LUMBERTON — Robeson County’s state House delegation successfully lobbied last week for an additional $100,000 to be put in the state budget to fund operating costs at the newly opened multi-purpose pavilion at the Southeastern N.C. Agricultural Center.
The pavilion is the result of two decades of work to establish a local facility capable of providing for equestrian and livestock events. Such a facility has long been promoted as one that will boost the local economy.
“It was a close vote, 61 to 55,” said Rep. Garland Pierce, a Democrat, who ran the funding amendment through the House with the support of Rep. Charles Graham, a Democrat, and G.L. Pridgen, the county’s lone Republican representative.
It’s now up to state Sen. Michael Walters to make sure the $259,000 isn’t cut from the Senate budget, according to Pierce. That amount is $141,000 less than was originally requested.
Walters said that Senate committees will begin this week reviewing the $20.3 billion budget proposal approved by the House.
“It’s important that we provide proper funding to ensure that the pavilion be successful,” said Walters, a Democrat. “We have to provide funding to market that facility, not just in North Carolina, but throughout the Southeast.”
The 55,000-square-foot building, which opened in April, will not only provide for equestrian and other livestock shows, but is capable of being used for everything from family reunions and weddings, to concerts, trade shows and other events. The facility is the responsibility of the state Department of Agriculture and Consumer Services.
According to Pierce, the state money will be used to fund such things as temporary wages for employees, Social Security payments, utilities, building repairs, supplies and advertising.
“It would be ludicrous not to give enough money to support this facility,” Pierce said. “That would be setting it up to fail.”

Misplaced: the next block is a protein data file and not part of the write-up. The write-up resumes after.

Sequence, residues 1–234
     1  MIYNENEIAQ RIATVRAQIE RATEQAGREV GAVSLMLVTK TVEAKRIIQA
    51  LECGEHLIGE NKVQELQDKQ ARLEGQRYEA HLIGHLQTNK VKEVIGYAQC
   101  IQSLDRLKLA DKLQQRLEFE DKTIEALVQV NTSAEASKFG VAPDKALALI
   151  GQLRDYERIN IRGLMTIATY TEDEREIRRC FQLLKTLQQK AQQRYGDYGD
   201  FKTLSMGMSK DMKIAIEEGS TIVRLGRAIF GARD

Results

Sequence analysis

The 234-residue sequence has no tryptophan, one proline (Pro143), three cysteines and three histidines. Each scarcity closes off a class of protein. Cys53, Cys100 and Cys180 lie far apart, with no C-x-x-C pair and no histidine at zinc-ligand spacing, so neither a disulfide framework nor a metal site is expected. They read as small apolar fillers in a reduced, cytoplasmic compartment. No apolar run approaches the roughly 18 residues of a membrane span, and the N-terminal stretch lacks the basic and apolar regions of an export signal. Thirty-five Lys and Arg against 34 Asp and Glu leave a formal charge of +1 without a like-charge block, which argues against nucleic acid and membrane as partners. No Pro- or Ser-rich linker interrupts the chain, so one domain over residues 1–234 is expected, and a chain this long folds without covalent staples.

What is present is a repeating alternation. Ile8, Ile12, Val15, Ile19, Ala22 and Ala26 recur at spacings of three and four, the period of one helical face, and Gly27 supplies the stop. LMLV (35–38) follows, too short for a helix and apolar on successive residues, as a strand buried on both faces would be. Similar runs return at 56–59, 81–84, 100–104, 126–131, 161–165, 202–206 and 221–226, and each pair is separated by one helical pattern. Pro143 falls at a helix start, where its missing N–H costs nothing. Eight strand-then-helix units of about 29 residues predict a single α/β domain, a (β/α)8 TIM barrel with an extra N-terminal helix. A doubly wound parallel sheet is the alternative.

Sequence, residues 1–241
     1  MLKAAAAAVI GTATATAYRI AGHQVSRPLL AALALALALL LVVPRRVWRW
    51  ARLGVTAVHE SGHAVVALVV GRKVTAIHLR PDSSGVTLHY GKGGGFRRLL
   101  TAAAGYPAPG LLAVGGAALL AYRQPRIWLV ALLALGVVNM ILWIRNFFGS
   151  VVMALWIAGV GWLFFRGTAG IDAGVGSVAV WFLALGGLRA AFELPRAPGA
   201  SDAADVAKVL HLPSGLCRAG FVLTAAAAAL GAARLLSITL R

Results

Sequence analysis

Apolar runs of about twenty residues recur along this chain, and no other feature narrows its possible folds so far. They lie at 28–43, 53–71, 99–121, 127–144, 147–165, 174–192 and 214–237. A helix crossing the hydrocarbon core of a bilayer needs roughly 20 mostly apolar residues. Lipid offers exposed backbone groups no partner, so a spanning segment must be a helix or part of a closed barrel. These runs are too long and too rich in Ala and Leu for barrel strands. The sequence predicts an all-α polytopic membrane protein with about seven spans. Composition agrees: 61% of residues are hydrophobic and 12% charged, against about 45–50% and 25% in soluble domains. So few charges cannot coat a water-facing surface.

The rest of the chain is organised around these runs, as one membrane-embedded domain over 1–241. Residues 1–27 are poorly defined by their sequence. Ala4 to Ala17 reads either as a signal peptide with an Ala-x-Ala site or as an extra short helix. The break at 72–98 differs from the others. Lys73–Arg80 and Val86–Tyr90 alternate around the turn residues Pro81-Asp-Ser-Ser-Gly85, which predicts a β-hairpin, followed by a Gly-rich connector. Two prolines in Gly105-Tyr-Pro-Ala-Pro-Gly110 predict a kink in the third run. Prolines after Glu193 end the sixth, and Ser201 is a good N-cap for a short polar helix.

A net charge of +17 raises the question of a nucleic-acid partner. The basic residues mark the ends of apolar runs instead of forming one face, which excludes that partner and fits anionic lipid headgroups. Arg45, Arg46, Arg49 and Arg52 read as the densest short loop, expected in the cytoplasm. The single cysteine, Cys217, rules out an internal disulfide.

Graham and Pridgen both agree that the state needs to provide enough money to promote the facility and keep it operating.
“This facility is in its infancy stage and needs to be given a chance to be what it is intended for,” Graham said. “There needs to be sufficient funds to keep it rolling and gaining recognition.”
“The state has already made more than a $4 million investment in the facility,” Pridgen said. “It needs to fund the pavilion’s operations so that area tourism is promoted.”
Kent Yelverton, director of the state Department of Agriculture and Consumer Services’ Division of Property and Construction, said that his department had requested close to $400,000 for operating and promoting the pavilion.
“The timing is just unfortunate,” he said. “I can’t remember any other time when the state has opened a new building and the Legislature has not immediately come up with an expansion budget for the facility. …This building is opening under an unprecedented budget situation. It’s nice to have the building, but it’s an unfortunate time to bring it on line.”
According to Yelverton, stalls that are needed to make equestrian events successful are likely not to be built at the pavilion any time soon. Originally it was anticipated that about 100 stalls, constructed at a cost of between $500,000 and $600,000, would be available by the end of the year.
To date, the only definite funding for stalls is $50,000 from both the city of Lumberton and Robeson County to match a funding request to the state Golden LEAF Foundation.
“We are continuing to look for funding for stalls,” Yelverton said. “We will submit an application for funding to Golden LEAF in mid-August. The application will be considered at Golden Leaf’s October meeting.”
Yelverton said that those who are currently using the pavilion for activities appear happy with the facility.
“All the feedback I’ve been getting is that the users are happy with the facility. There have been no issues raised,” he said.
Reach staff writer Bob Shiles at 910-272-6117 or email@example.com.